I still remember my first Australian Christmas.
I was in Tamworth, at the family home of a cousin's wife, with their family and friends from grandparents to babies, and we spent the day on a covered terrace behind the house, surrounded by shady trees and large tubs of flowering shrubs.
We exchanged presents, people chatted, made coffee and later drinks, handed out delicious nibbles.
The children played, lunch segued into dinner in the heavenly warm evening and nobody went near the house except to produce another laden tray.
After years of fireside Christmases in the frosty midwinter I'd never seen anything like it - it was like paradise.
I vowed on the spot that wherever in the world I ended up living, I'd have a place for eating outside.
The starting point for an outdoor living space is usually the house.
I love the idea of a pergola hidden among trees in the garden but it's impractical unless you include cooking and washing up facilities.
Instead, walk round your house and think about the aspect: north or north-east is best for shelter from summer hot westerly winds and for allowing the sun in during winter.
Level access to the kitchen is ideal if you can manage it, you soon get tired of carrying trays up and down steps.
Next, think about the floor. Gravel is great but it's not ideal for chairs.
Pavers, bricks or tiles are better, and can be set in gravel to create interesting patterns.
Home-made pavers are cheap and not too hard to make and you can do a few at a time till you have enough.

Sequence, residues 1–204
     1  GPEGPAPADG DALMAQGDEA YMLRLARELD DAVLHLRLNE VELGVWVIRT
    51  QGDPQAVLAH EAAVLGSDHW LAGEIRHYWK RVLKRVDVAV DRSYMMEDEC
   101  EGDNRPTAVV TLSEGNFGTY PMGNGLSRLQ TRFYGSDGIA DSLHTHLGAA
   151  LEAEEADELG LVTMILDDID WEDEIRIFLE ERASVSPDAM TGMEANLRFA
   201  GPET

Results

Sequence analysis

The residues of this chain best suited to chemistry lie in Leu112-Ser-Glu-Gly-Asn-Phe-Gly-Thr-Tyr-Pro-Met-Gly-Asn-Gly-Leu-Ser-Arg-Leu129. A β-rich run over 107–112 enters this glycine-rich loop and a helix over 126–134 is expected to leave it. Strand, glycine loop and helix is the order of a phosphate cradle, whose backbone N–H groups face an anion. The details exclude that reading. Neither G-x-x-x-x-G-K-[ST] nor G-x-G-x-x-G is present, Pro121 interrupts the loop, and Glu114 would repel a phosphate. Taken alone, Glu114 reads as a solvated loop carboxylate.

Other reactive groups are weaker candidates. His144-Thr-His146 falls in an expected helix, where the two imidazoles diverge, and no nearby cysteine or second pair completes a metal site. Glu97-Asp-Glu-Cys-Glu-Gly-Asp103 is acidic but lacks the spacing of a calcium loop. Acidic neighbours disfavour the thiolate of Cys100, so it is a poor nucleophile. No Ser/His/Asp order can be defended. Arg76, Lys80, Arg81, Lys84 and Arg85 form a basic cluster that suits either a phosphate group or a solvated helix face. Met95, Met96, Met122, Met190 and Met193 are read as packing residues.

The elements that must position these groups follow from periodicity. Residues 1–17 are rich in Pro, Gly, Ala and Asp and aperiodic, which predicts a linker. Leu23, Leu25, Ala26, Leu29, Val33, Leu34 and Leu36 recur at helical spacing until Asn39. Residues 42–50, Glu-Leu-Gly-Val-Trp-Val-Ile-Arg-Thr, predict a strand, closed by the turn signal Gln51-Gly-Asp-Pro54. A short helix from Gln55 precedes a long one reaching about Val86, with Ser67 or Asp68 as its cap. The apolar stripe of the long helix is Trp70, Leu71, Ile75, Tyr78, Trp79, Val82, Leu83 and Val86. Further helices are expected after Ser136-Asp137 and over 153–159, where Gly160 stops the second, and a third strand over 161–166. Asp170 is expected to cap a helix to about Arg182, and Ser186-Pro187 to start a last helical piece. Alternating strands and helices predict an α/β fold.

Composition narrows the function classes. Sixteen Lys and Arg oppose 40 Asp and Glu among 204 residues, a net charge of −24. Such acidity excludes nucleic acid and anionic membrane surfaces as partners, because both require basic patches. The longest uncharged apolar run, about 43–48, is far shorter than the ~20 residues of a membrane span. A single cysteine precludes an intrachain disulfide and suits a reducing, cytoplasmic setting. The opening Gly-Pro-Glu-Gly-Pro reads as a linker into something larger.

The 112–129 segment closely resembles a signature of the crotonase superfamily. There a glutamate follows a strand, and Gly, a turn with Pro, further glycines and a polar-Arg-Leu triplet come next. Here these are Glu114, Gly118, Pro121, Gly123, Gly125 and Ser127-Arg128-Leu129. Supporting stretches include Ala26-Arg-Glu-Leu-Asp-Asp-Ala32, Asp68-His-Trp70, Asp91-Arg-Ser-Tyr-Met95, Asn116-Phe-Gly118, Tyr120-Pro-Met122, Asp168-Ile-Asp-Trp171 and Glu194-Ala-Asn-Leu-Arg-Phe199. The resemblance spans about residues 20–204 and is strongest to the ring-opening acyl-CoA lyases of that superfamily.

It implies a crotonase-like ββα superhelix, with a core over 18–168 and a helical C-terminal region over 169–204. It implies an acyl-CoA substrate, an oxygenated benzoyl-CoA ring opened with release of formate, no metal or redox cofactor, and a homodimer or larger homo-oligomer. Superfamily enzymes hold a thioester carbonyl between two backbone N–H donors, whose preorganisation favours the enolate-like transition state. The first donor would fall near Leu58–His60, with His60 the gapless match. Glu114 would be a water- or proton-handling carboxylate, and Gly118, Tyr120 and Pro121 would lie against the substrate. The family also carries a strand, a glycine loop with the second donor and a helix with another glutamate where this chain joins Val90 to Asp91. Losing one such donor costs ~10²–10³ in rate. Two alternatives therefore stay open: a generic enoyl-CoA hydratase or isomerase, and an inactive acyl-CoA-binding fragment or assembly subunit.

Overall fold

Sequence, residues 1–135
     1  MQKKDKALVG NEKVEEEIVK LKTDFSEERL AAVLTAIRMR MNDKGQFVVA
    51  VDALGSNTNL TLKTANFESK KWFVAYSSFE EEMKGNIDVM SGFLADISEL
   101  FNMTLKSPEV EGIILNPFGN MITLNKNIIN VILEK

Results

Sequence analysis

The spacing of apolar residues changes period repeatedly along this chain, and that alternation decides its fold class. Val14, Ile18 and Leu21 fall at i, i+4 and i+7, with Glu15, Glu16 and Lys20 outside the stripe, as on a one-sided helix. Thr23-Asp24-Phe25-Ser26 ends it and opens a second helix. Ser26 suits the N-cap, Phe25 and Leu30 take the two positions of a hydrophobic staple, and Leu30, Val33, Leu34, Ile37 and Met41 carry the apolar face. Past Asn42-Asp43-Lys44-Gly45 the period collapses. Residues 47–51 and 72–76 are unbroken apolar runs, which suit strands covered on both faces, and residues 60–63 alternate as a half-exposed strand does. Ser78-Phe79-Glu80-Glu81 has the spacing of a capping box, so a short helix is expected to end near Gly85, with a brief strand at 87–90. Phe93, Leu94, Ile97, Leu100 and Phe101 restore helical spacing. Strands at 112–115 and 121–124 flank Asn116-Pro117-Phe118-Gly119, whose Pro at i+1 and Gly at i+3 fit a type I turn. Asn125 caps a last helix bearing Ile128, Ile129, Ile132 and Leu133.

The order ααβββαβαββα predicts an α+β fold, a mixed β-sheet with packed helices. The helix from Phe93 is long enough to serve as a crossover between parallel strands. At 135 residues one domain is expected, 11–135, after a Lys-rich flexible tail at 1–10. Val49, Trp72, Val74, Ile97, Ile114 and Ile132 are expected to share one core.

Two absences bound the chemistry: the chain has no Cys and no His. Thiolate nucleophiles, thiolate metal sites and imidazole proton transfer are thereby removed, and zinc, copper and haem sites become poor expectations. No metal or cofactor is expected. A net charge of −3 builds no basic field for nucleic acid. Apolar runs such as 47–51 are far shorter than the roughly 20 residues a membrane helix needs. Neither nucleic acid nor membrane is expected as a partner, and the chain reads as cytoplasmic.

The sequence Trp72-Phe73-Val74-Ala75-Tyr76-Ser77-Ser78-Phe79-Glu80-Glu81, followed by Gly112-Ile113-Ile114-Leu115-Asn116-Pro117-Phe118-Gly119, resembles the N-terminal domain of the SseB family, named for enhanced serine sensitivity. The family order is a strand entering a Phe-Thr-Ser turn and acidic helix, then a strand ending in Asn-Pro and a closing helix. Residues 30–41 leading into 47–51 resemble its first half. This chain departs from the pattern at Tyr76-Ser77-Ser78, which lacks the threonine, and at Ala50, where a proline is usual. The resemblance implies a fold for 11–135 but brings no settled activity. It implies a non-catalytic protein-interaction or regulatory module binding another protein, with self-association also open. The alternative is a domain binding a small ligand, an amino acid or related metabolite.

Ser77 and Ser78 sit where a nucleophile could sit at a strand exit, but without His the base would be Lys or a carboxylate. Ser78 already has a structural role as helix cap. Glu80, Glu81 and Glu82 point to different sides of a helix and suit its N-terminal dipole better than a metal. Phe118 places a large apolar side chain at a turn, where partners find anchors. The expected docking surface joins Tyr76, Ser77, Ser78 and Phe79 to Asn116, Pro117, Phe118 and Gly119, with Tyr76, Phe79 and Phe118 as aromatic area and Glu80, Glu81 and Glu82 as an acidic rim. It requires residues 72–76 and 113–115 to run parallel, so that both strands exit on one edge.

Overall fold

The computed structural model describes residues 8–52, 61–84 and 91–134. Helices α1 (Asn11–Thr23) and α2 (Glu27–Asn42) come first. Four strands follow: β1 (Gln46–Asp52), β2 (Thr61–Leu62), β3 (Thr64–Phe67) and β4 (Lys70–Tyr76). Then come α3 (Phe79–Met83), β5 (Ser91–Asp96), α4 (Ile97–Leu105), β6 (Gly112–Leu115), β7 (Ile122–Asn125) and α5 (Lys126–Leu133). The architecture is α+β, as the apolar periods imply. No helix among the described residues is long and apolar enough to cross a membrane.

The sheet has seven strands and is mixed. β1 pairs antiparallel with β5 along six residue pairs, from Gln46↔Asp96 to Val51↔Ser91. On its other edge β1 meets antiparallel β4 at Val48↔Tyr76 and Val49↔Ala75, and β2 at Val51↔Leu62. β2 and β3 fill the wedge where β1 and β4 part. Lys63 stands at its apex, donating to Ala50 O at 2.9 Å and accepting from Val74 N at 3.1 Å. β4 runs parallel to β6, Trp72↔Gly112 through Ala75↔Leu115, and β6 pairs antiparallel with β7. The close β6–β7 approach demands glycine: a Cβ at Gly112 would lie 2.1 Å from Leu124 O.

Remember that your floor should slope slightly in order to carry off any rain that blows onto it.
Overhead comes next.
An ornamental grape (Vitis coignetiae) will cover a big area in only three or four years and nothing beats sitting in its dappled shade, the sun shining through the leaves.
Downside is that a stand-alone vine isn't waterproof - not that it rains enough to worry us in NSW, but you can always count on a shower when you least want it.
One solution is to put a waterproof cover over the whole thing that lets the light in but keeps the rain out.
Our outdoor room has a corrugated polycarbonate roof, which is fine except that it encloses the heat; a waterproof shade sail might have been a better option.
Outdoor rooms are a splendid opportunity to grow climbers.
If your house is painted weatherboard or fibro, you'll need to attach a lattice panel to the wall to support the plants that can be removed when painting becomes due.
Avoid clinging vines like ivy (Hedera helix), creeping fig (Ficus pumila) and Boston ivy (Parthenocissus tricuspidata) in favour of twiners like scented snail creeper (Vigna caracalla), passion fruit (Passiflora edulis) or one of the many large-flowered clematises.
Lastly, look at the garden beyond the sitting area.
Frame the view with a semi-circle of small trees - three or five Lagerstroemia Natchez with scented white summer flowers would be perfect - you can easily train the horizontal branches to the height you want, and the bark is decorative all year.
Happy Christmas, happy gardening and happy outdoor living!